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Sword brothers share expertise with aspiring sporting stars

Friday 21 June 2024 | Written by Melina Etches | Published in League, Rugby Union, Sports

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Sword brothers share expertise with aspiring sporting stars
The Sword brothers, Larzla and Izi, professional rugby players in Tokyo, Japan, make time to attend a casual training run with Nukutere College students organised by Ben Koteka from Cook Islands Rugby Union. Their Aunty Jessie Sword also attended the training session. MELINA ETCHES/24062016

Cook Islands brothers, home for a break from the international rugby scene in Japan, are sharing their expertise and inspiring the next generation of sports stars.

For the past couple of years, Izi John Teariki Sword, 23, and his younger brother, Larzla Tutai Purea George Sword, 21, have been carving a niche for themselves in Japan’s professional rugby league competition.

Izi plays for the Kubota Spears and Larzla for the Black Rams Tokyo (formerly Ricoh Black Rams) in the Japan Rugby League One competition.

This week, the Sword brothers connected with Nukutere College students for some light rugby session organised by Ben Koteka, the Cook Islands Rugby Union (CIRU) development manager.

“It was good, it was fun and the kids appeared to love it,” said Izi. “At their young age, it’s more about getting the kids to enjoy the game, enjoy sports.”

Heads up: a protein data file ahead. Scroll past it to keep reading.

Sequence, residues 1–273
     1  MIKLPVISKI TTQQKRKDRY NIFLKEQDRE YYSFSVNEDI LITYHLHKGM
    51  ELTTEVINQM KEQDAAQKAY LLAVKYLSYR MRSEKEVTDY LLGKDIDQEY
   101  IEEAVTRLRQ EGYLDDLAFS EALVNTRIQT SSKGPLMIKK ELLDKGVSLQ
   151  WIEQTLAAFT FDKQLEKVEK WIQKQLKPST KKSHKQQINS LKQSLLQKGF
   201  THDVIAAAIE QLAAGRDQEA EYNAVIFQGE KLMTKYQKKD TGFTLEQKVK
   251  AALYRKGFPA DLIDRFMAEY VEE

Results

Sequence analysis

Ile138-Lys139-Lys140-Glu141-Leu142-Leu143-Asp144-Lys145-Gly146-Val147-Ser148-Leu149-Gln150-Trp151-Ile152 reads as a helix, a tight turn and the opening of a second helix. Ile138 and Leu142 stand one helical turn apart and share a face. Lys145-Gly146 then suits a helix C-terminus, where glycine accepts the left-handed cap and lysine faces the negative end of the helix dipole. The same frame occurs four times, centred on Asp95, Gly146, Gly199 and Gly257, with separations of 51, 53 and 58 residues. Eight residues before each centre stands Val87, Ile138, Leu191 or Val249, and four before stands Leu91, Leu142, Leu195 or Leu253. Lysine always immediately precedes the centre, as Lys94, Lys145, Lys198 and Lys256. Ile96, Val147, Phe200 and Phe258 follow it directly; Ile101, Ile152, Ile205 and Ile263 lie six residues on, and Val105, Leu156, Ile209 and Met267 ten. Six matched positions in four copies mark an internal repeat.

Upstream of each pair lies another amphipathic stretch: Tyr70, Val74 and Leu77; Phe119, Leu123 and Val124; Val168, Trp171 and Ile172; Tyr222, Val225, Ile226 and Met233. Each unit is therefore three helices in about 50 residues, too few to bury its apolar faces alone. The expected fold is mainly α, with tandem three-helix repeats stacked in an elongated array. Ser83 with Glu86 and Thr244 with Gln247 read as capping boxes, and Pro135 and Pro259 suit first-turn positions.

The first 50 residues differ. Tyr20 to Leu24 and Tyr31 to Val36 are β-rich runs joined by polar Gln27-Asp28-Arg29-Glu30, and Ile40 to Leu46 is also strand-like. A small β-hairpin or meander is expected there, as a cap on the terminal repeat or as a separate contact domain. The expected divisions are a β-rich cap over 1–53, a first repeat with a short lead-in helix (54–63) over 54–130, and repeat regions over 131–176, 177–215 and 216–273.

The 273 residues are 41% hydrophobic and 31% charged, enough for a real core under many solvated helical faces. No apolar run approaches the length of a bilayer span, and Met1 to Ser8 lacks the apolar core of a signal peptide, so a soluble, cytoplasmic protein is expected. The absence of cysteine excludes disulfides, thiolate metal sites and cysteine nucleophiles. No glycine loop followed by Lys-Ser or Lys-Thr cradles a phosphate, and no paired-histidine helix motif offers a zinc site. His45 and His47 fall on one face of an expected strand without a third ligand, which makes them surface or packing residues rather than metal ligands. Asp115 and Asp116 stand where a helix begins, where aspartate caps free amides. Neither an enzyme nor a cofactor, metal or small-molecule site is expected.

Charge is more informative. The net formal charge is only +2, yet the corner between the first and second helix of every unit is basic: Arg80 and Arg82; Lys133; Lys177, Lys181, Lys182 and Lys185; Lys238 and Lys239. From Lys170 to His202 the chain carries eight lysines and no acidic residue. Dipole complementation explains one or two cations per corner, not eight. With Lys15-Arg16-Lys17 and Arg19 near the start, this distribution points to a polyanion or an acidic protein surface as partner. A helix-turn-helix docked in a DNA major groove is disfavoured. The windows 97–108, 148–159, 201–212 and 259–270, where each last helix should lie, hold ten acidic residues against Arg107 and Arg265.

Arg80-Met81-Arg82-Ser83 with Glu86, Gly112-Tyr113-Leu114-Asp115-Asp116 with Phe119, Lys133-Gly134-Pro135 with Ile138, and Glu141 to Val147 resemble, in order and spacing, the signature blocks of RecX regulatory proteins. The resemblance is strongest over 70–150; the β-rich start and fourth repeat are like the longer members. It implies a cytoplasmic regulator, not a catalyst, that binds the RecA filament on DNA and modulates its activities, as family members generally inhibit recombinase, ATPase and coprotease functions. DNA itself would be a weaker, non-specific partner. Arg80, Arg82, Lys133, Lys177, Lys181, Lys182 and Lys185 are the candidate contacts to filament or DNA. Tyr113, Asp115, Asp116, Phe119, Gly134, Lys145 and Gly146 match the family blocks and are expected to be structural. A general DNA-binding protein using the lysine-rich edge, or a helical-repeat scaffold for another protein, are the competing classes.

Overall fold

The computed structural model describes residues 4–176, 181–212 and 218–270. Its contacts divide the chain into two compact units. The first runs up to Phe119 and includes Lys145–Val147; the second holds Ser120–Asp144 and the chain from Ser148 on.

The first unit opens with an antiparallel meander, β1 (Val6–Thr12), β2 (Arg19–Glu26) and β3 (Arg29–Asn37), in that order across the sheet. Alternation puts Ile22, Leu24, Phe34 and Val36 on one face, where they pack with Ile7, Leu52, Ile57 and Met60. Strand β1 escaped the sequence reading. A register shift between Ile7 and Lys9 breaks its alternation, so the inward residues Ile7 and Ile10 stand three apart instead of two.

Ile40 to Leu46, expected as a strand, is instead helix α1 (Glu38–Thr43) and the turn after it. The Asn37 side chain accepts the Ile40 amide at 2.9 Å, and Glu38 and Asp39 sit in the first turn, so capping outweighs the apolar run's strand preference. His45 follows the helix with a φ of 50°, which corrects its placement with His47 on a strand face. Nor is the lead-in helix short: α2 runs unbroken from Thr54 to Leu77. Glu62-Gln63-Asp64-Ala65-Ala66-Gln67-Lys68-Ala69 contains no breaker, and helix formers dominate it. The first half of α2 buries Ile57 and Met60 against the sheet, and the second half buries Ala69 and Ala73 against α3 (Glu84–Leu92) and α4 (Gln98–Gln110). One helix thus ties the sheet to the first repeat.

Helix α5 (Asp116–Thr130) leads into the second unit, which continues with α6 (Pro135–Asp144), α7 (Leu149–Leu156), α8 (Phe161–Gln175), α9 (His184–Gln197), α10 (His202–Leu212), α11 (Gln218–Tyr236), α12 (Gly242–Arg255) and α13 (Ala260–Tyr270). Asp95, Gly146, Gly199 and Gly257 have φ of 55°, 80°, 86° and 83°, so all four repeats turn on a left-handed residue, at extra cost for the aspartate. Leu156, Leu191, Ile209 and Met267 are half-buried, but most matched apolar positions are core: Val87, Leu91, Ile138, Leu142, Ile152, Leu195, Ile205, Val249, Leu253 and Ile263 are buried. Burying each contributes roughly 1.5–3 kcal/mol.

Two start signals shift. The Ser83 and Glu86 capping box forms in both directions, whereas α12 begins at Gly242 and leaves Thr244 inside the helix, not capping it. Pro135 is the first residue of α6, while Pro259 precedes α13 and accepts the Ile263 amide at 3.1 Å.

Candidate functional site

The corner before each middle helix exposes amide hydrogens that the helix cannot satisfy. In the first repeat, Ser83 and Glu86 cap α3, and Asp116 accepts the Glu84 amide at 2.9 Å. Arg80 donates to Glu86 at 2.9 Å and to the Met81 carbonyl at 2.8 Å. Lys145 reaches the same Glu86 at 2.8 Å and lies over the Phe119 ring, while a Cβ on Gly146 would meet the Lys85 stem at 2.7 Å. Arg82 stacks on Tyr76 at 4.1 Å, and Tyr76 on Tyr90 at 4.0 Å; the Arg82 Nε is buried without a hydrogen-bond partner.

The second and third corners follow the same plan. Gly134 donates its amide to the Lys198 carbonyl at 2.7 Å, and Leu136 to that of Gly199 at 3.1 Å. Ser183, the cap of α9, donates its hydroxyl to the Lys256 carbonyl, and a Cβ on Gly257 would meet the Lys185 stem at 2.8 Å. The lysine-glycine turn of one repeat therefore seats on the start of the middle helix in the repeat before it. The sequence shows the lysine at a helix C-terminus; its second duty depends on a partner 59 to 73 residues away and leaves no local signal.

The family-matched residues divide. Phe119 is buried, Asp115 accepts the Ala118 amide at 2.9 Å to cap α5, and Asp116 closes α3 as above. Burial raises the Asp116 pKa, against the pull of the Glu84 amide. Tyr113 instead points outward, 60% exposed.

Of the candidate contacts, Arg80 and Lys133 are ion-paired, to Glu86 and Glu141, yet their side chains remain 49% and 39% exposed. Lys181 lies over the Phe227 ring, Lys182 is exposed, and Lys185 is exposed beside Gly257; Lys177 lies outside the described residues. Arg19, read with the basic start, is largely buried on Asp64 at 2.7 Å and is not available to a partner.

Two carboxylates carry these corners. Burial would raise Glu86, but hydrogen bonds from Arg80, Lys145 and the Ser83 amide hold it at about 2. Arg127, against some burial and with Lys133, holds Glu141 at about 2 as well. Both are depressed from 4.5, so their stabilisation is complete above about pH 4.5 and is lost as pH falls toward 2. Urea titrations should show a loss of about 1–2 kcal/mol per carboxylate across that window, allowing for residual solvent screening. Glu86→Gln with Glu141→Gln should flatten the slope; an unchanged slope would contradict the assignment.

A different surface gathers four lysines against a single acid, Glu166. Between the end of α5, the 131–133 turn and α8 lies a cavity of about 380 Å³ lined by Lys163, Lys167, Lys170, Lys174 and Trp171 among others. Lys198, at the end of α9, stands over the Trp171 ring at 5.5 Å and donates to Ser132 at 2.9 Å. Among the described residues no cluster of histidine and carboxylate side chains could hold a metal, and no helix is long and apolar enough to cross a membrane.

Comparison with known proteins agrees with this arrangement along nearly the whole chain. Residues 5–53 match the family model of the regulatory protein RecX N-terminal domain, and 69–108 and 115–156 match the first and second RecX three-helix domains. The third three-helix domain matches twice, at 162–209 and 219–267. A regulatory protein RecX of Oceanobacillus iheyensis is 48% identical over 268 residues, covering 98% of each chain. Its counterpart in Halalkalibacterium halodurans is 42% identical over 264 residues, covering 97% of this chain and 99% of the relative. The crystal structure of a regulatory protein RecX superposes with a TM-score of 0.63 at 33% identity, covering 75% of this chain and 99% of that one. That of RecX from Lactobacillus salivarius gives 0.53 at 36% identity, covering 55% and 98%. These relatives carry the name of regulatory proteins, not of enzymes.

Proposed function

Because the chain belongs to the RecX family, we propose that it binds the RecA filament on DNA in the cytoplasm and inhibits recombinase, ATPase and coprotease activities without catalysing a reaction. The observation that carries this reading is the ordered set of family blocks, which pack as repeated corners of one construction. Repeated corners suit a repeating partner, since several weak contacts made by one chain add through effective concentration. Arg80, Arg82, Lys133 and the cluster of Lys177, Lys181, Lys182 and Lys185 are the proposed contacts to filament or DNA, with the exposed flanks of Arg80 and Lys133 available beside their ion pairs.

“You want them to grow a passion for sports while they are young and you want them to sort of figure it out for themselves.”

Izi shares that breaking into the professional scene requires good attributes like commitment, determination and in particular, passion.

“You’ve got to enjoy it, have passion for it and you’ve got to enjoy doing the hard stuff to achieve what you want to do.”

He shared advice from a scout who had said “If you get the basics right, the fundamentals like passing, tackling, rucking… if you can do your job and do your job well that’s all you need for a strong foundation – your skills and doing your job well”.

Larzla reiterated his brother’s advice and added that fitness is also key.

“Even on holiday we get our training done in the morning so we can do things we want,” he said.

“And our family support is really good, we call our parents (Leslie Sword and Christina ‘Tina’ Sword nee Tura) almost every week.”

Both brothers attended the Anglican Church Grammer School in Brisbane, Australia.

From there, Izi moved to Tokyo, Japan, to attend university for four years, becoming quite fluent in Japanese. He then immediately embarked on his professional rugby league career.

His toughest challenge was keeping motivated.

“I had to keep striving to get better, setting goals and I had to really put my mind to it,” he said.

Larzla began his sporting career also in Tokyo, Japan, but straight out of Grammer School.

He said it was pretty tough moving to a new country straightaway.

“But my dream was to be a rugby player so I had to keep focused. I was lucky enough to get a contract straight out of school, and my brother was there which helped a lot,” said Larzla.

The Sword brothers last visited Rarotonga some five years ago and are thrilled to be back to reconnect with their family.

Arriving earlier this month, they spent a few days in Mauke with their maternal grandfather, Tai Tura, Speaker of the Parliament, and helped out in the pai taro and enjoyed swimming in the caves.

“It’s wonderful coming home here and in Mauke. Just having freedom, especially from living in Tokyo, a city of six million people, it can get scary,” said Izi.

“You come home, you come to Mauke and you know people and it’s very humbling.”